For those on the higher-functioning end of the autism spectrum moving out of the family home can be very difficult. David J. Burns, author of the brilliant new JKP title Do Lemon’s Have Feathers shares his experience as a person on the autism spectrum who eventually moved into his own house, and also as a father going through the experience of seeing his own children leave the family home.  

I’ve often asked myself the question, “When will my children ever leave home?” I know I’m not alone in this and despite my efforts to encourage them to leave by annoying them, embarrassing them or eating their chocolate at Easter they still hang in there. One thing is true – they’ve learned endurance.

Despite this I do have one son who lives fifteen miles away and a daughter who is at university (so she’s almost left). I’m now at home with two daughters. Despite the reduction in food bills I miss everyone being here but understand that being a great parent means I need to raise my children to be free. That’s hard for parent, isn’t it? We’re never quite ready to let go.

If it’s hard for parents to let go, it can be even harder for a person with Asperger’s or high-functioning autism to want to go. I know what that’s like too because I left home at age twenty-three. To soften the blow I wasn’t alone though – I got married and we moved into a house and made our home together. Previous attempts to live in halls of residence at Surrey university when I was just eighteen didn’t work out because I wasn’t prepared for the complete change in making new friends, adapting to new surroundings (sound’s like a wildlife programme!) and budgeting for everything. It was just too much.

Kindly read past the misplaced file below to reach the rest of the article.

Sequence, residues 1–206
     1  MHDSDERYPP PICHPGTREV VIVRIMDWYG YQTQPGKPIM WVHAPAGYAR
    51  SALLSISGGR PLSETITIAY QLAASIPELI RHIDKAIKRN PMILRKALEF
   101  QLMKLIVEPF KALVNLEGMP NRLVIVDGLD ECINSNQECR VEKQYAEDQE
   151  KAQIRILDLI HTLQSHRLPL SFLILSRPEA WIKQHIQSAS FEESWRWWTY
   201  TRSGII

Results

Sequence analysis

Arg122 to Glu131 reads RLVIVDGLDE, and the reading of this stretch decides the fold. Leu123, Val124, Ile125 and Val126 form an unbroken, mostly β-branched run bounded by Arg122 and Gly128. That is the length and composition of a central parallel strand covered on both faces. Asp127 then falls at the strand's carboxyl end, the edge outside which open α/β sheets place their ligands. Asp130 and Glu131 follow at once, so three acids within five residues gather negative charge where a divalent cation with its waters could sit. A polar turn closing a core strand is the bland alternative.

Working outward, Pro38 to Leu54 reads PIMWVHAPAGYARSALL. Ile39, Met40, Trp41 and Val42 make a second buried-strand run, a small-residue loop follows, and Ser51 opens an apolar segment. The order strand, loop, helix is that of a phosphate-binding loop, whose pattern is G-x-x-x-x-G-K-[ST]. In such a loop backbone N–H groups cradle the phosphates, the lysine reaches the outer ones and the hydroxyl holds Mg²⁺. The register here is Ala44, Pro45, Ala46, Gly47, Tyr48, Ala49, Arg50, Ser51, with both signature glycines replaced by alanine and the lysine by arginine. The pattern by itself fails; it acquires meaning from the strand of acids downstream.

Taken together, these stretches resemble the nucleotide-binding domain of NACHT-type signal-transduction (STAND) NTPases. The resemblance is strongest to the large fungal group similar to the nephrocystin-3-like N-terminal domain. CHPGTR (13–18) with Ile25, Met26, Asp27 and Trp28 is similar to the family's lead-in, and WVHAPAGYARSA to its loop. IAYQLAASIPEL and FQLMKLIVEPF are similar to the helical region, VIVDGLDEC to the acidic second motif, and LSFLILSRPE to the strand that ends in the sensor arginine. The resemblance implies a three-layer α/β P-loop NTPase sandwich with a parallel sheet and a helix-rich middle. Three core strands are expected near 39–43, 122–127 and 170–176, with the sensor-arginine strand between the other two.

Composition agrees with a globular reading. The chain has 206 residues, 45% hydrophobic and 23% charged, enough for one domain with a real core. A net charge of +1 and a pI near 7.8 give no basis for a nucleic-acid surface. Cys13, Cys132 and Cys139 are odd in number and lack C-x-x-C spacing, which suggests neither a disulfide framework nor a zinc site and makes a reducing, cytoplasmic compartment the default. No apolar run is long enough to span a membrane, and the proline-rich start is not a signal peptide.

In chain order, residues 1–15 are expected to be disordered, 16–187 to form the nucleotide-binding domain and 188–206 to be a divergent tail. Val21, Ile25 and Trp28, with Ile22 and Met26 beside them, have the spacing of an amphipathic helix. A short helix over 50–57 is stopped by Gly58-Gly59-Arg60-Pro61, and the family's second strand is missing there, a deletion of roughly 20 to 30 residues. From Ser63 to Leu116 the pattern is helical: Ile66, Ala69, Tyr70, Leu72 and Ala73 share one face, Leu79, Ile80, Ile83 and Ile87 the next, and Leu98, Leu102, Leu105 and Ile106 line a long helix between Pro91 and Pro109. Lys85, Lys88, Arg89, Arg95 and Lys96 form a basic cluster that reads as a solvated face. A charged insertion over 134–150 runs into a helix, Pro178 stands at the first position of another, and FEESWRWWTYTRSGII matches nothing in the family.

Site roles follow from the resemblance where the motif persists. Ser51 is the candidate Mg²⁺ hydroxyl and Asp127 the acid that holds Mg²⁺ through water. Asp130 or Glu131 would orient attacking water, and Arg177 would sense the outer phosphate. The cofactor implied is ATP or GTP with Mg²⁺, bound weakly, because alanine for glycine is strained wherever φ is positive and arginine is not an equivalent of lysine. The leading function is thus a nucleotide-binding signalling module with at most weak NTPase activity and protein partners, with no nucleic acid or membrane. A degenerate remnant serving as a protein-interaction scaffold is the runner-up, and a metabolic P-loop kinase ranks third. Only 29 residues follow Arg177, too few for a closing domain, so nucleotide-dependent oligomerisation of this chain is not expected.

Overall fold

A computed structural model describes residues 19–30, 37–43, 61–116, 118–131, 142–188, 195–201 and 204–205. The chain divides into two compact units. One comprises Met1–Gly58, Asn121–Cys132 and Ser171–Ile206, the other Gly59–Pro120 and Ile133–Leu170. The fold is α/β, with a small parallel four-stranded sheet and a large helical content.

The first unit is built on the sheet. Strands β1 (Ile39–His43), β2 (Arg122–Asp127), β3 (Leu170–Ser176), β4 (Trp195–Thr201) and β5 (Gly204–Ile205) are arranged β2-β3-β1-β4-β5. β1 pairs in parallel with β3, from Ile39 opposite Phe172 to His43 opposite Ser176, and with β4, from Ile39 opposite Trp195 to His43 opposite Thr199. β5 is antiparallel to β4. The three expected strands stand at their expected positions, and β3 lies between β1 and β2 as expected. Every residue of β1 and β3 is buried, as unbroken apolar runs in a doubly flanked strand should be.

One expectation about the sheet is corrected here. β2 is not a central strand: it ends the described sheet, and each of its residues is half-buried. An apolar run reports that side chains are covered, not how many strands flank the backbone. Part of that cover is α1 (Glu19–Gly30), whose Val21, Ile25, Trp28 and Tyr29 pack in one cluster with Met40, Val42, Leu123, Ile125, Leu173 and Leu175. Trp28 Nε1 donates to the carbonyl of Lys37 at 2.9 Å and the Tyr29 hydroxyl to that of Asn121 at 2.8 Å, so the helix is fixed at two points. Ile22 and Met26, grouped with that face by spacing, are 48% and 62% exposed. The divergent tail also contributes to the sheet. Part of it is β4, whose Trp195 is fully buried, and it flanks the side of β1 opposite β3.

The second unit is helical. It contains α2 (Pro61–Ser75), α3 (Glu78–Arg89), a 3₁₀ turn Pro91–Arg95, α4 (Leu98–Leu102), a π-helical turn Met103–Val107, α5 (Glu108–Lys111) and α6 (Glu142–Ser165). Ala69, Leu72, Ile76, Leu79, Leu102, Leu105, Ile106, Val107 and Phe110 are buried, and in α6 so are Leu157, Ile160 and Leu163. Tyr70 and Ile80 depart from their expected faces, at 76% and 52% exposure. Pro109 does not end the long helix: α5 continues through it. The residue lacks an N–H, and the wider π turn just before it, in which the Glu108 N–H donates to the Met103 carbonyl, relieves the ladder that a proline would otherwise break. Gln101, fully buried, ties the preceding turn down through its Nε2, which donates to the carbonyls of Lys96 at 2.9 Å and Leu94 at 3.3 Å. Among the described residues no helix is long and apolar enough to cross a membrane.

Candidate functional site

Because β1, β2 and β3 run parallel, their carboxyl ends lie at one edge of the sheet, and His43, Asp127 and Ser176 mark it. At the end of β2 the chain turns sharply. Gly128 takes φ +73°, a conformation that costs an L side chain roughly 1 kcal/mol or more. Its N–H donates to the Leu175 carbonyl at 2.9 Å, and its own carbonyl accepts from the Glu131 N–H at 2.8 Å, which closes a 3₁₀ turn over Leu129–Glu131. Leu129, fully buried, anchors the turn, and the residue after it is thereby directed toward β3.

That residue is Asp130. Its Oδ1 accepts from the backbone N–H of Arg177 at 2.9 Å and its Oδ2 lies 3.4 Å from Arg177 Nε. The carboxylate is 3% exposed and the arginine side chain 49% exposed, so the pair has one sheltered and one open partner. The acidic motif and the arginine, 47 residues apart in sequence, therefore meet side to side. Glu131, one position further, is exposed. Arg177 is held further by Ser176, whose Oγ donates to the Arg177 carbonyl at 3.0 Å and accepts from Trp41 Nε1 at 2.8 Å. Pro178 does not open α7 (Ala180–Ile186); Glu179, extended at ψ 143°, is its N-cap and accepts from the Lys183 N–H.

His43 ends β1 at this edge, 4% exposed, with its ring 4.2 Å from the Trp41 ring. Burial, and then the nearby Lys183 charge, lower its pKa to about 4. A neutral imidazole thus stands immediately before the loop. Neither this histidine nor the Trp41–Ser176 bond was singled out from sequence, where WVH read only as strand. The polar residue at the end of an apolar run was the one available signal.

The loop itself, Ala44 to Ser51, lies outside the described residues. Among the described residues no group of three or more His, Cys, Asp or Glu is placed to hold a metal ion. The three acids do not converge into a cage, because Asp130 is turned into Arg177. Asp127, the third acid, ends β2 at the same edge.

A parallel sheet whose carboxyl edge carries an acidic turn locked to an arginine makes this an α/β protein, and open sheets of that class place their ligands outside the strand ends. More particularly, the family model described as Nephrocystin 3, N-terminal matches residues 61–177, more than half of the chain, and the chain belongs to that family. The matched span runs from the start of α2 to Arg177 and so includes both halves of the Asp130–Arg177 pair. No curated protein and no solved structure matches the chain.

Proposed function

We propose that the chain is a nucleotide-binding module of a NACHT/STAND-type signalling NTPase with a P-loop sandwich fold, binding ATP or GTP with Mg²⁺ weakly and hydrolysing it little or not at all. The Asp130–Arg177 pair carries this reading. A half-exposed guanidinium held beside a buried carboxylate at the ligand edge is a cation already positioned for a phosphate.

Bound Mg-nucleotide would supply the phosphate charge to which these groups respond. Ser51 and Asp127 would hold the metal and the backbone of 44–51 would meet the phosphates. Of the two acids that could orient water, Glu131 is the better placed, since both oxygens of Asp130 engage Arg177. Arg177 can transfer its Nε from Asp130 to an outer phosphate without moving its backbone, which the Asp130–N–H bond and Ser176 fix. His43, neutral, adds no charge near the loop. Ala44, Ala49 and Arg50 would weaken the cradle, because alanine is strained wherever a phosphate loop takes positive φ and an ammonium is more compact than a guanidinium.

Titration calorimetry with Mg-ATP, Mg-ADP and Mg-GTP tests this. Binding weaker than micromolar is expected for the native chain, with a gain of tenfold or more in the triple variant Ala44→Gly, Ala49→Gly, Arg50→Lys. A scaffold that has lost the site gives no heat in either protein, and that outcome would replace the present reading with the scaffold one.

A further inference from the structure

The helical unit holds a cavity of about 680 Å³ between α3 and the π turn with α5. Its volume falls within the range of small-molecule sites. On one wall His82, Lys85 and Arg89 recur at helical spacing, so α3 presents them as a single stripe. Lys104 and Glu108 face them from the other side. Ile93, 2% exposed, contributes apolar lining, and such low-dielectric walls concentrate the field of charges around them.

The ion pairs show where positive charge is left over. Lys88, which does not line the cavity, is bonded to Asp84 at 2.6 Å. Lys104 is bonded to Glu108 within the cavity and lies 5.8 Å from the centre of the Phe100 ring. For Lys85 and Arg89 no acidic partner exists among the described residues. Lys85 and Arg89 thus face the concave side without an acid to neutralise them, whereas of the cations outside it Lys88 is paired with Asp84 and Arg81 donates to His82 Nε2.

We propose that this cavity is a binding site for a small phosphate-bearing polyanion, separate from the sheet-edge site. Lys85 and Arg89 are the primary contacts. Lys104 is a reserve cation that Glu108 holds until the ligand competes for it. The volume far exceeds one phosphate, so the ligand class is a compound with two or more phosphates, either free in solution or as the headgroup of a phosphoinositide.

But I learned a great deal from these experiences however difficult they may have been at the time. Here are a few tips that might help you if you or a loved one who is trying to make the change to living away from your immediate family.

  • Don’t jump ship (leave) too early even if your parents are embarrassing. Growing up and becoming independent takes time so hone your skills gradually. It may not seem like it at the time but learning to take responsibility for tasks at home such as your own washing, ironing, cleaning and cooking are going to be REALLY useful.
  • To begin with stay close to family and friends. Adjusting to a new home is challenging enough without having to try to develop all new friendships at the same time. Don’t fill the ‘basket of change’ with so many things that it overflows.
  • Remember you are loved. Leaving family doesn’t mean they don’t think about you. I wonder every day what my children are up to (like most parents even before they’ve left home!). I still care and I still love them – nothing changes there.
  • Don’t be afraid to ask for help – life is not meant to be a DIY project. Though many of us like our own space we need others because people are an essential ingredient in life. To begin with we all need help to learn how to take on the responsibilities of running a home and asking for help isn’t a sign of weakness but demonstrates real wisdom.
  • (I know it’s hard to make friends but) put yourself in a place where you can be found. Hiding away in your new accommodation may not be the best way to make friends so find out where people meet and go there. Join a club or special interest group. You don’t have to throw a house warming party (even if you do have central heating…).
  • If moving out doesn’t work out first time it doesn’t mean you’ve failed. In fact you will have learned a great deal and that will help you prepare for the next time… and there will be a next time if you want there to be one.
  • Finally, remind yourself that making the step to move out takes courage because we all feel afraid of change. You are a courageous person for even thinking about setting up your own home so be kind to yourself and recognise that you are amazing.

So keep going, keep exploring and remain inquisitive. Never give up on life and don’t let the fear stop you from taking the first few steps to personal freedom.

David J. Burns is the author of Do Lemons Have Feathers which is available now from Jessica Kingsley Publishers

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